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HomeUS CoinsThree-Cent Silver, Type 1 (1851-1853) : A Collector's Guide

Three-Cent Silver, Type 1 (1851-1853) : A Collector’s Guide

1863 Three-Cent Silver. Image: Stack's Bowers / CoinWeek.
1863 Three-Cent Silver. Image: Stack’s Bowers / CoinWeek.

By Charles Morgan and Hubert Walker for CoinWeek Notes …..

Type 1 | Type 2 | Type 3

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Called a trime in some Treasury Department records, the Three-Cent Silver coin was the smallest ever issued by the United States Mint in terms of weight and thickness.

Initially proposed in 1849, and again in 1850 in conjunction with a plan to reduce postal rates from five to three cents, production of the coin was finally authorized in 1851. This silver coin was produced in response to the need for small denomination precious metal coins caused by a counter-intuitive shortage of silver following the discovery of gold in California and other locations in the late 1840s. As gold became more common, metal prices became depressed relative to silver. Silver prices then rose, and silver coins were removed from circulation and melted, being worth more as bullion than the face value of a given coin. The metal composition of the Three-Cent Silver was designed to satisfy the need for sub-dollar coins in commerce, with enough silver to be considered a precious metal coin but not so much that they, too, would be melted.

The new coin met all intended purposes for which it was designed and was initially well-received. However, two shortcomings caused the coin to lose favor. First, the coins were so small that they were easily lost, and it was not a trivial matter at the time for even such a small denomination. Second, the higher base metal content meant they easily discolored to a somewhat dirty appearance, earning them the sobriquet of “fish scales”.

It is also notable that the coin was the first issued by the United States that had a limited legal tender status. Much like the penny in modern America, one was not able to use an unlimited (read: unreasonable) number of trimes (Three-Cent Silver coins) for any given payment[1].

Three-Cent Silvers circulated extensively until the start of the Civil War, which caused the hoarding of virtually all gold and silver coins. Out of circulation since the start of the war and supplanted somewhat by the Three-Cent Nickel introduced in 1865, the trime was abolished by the Mint Act of 1873 (although Proof coins were produced in that year). Nearly all Three-Cent Silvers were minted in Philadelphia, with the 1851-O issue from New Orleans being the only branch mint issue of the entire series.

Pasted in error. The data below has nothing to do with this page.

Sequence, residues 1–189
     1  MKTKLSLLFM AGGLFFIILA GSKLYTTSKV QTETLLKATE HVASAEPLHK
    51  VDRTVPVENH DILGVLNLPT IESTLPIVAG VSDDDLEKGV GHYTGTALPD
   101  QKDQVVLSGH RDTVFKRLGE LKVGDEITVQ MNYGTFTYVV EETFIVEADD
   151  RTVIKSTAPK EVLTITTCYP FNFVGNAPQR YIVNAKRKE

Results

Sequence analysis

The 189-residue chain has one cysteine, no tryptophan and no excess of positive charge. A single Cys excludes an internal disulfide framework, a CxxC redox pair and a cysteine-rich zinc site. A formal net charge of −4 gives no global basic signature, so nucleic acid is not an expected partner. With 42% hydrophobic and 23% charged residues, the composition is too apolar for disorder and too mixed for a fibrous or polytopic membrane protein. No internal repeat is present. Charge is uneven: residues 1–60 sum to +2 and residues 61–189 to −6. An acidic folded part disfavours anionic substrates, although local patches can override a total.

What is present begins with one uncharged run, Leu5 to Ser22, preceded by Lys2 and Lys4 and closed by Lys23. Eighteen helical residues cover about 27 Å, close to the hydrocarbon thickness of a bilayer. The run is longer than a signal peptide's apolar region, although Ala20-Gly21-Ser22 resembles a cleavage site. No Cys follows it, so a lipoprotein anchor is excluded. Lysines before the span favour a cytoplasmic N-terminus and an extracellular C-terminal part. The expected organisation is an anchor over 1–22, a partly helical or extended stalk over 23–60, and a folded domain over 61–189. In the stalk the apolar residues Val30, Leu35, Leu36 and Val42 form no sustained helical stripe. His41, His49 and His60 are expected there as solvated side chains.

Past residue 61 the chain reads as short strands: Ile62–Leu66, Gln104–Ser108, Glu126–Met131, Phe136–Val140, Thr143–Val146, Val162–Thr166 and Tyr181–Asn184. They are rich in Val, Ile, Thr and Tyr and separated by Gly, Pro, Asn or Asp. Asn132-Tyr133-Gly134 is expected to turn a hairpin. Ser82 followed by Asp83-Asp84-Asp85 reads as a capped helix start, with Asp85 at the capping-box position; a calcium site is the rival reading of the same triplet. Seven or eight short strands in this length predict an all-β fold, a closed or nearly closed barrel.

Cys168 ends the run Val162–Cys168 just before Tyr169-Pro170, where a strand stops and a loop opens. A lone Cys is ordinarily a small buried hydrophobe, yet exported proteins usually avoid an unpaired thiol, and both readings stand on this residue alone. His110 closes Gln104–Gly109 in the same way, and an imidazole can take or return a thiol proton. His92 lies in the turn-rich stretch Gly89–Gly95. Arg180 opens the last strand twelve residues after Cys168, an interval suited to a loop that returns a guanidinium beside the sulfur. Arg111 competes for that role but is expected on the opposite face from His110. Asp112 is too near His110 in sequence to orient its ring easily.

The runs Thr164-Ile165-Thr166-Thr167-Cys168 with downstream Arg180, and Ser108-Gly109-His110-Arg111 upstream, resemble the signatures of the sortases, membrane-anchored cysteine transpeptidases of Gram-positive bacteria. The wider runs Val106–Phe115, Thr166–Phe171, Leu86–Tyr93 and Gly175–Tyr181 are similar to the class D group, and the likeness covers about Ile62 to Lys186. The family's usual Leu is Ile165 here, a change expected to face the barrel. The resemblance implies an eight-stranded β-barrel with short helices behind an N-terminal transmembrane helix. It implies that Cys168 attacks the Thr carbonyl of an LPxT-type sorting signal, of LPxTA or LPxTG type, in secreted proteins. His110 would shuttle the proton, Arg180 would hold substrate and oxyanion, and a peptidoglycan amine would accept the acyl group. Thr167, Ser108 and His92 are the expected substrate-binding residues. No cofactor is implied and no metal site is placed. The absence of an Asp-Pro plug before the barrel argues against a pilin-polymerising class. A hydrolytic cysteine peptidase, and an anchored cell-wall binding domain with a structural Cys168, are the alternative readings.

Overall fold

How Much Are Type 1 Three-Cent Silver Coins Worth?

All Type 1 Three-Cent Silver coins are relatively affordable, and it’s possible to assemble a Gem set on a moderate budget. The most expensive is the 1851-O, considered a key date of the series, which tracks at three to four times the price of the Philadelphia products. Of the repunched varieties, the 1852 repunched/inverted date has a seven to eight times premium over regular Philadelphia coins and is not listed in population/census reports above low Mint State condition. Other repunched varieties are also relatively uncommon in population/census tallies.

Type 1 Proofs are rare (and therefore expensive), with only about 12 identified for all three years: 10 in 1851, one each for the 1851-O and the 1852, and none known for 1853.


Varieties of this type have not been extensively studied, but a few repunched dates are known, including an interesting 1852 version with a 1 over an inverted 2.



The obverse of Type 1 coins displays the words UNITED STATES OF AMERICA around the field’s periphery, with the date centered at the bottom. In the center is a national shield superimposed on a six-pointed star, sometimes labeled a “small star” to differentiate the design from Type 2 and Type 3 coins. Slight ridges radiate from the shield to each point of the star, giving the star a beveled appearance.


The reverse has 13 equally spaced six-pointed stars around the periphery of the field. The center displays a stylized, beaded letter “C”, almost Arabic in style, which encloses the Roman numeral III, thus identifying the denomination as three cents. The New Orleans mintmark is to the right of the field, just outside the opening of the “C”.


The edge of the Three-Cent Silver coin is plain, or smooth.

Coin Specifications

Three-Cent Silver, Type 1
Years Of Issue: 1851-53
Mintage: High: 18,663,500 (1852); Low: 720,000 (1851-O)
Alloy: 75% silver, 25% copper
Weight: ±0.8 g
Diameter: ±14.0 mm
Edge: Plain
OBV Designer: James Barton Longacre
REV Designer: James Barton Longacre


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[1] Carothers, Neil. Fractional Money: A History of Small Coins and Fractional Paper Currency of the United States. Bowers & Merena Galleries. (1990)


Bowers, Q. David. The Experts Guide to Collecting & Investing in Rare Coins. Whitman Publishing.

–. A Guide Book of United States Type Coins. Whitman Publishing.

Breen, Walter. Walter Breen’s Encyclopedia of U.S. Coins. Doubleday.

Guth, Ron, and Jeff Garrett. United States Coinage: A Study by Type. Whitman Publishing.

Taxay, Don. The U.S. Mint and Coinage. Arco Publishing.

Yeoman, R.S and Kenneth Bressett (editor). The Official Red Book: A Guide Book of United States Coins. Whitman Publishing.

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CoinWeek Notes
CoinWeek Notes
CoinWeek Notes presents expert analysis and insights from Charles Morgan and Hubert Walker, the award-winning editors of CoinWeek.com.

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